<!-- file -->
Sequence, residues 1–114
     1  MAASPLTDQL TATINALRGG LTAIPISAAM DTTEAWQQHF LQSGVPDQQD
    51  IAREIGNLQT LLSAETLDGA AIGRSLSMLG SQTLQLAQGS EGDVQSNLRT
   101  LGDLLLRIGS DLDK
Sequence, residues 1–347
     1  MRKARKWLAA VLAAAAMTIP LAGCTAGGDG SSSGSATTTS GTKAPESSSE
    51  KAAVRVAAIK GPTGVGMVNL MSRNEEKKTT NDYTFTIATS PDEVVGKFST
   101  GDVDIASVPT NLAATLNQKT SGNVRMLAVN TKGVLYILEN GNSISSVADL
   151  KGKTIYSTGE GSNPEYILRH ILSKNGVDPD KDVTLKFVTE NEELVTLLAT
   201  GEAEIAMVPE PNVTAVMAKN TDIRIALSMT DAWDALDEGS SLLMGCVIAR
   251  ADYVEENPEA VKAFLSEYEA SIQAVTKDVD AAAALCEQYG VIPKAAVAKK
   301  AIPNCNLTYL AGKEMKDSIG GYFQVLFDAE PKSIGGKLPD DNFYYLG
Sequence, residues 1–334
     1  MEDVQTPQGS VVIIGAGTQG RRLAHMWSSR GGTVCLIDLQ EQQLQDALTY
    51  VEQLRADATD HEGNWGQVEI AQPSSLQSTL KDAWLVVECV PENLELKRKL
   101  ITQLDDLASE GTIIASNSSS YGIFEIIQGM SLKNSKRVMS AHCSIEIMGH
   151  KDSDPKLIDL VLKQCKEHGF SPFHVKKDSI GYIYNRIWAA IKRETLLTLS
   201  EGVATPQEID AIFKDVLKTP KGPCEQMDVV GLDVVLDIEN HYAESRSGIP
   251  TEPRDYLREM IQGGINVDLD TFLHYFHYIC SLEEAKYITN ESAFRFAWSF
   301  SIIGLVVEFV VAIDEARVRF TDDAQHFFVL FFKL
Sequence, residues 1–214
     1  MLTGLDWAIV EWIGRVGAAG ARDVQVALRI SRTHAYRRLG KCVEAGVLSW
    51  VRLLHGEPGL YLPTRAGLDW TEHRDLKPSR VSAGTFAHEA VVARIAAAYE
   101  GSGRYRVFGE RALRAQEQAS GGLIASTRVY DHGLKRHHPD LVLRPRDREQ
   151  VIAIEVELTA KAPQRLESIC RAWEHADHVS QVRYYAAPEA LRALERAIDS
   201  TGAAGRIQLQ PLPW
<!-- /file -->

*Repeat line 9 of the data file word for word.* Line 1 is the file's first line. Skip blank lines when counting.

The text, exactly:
   151  KGKTIYSTGE GSNPEYILRH ILSKNGVDPD KDVTLKFVTE NEELVTLLAT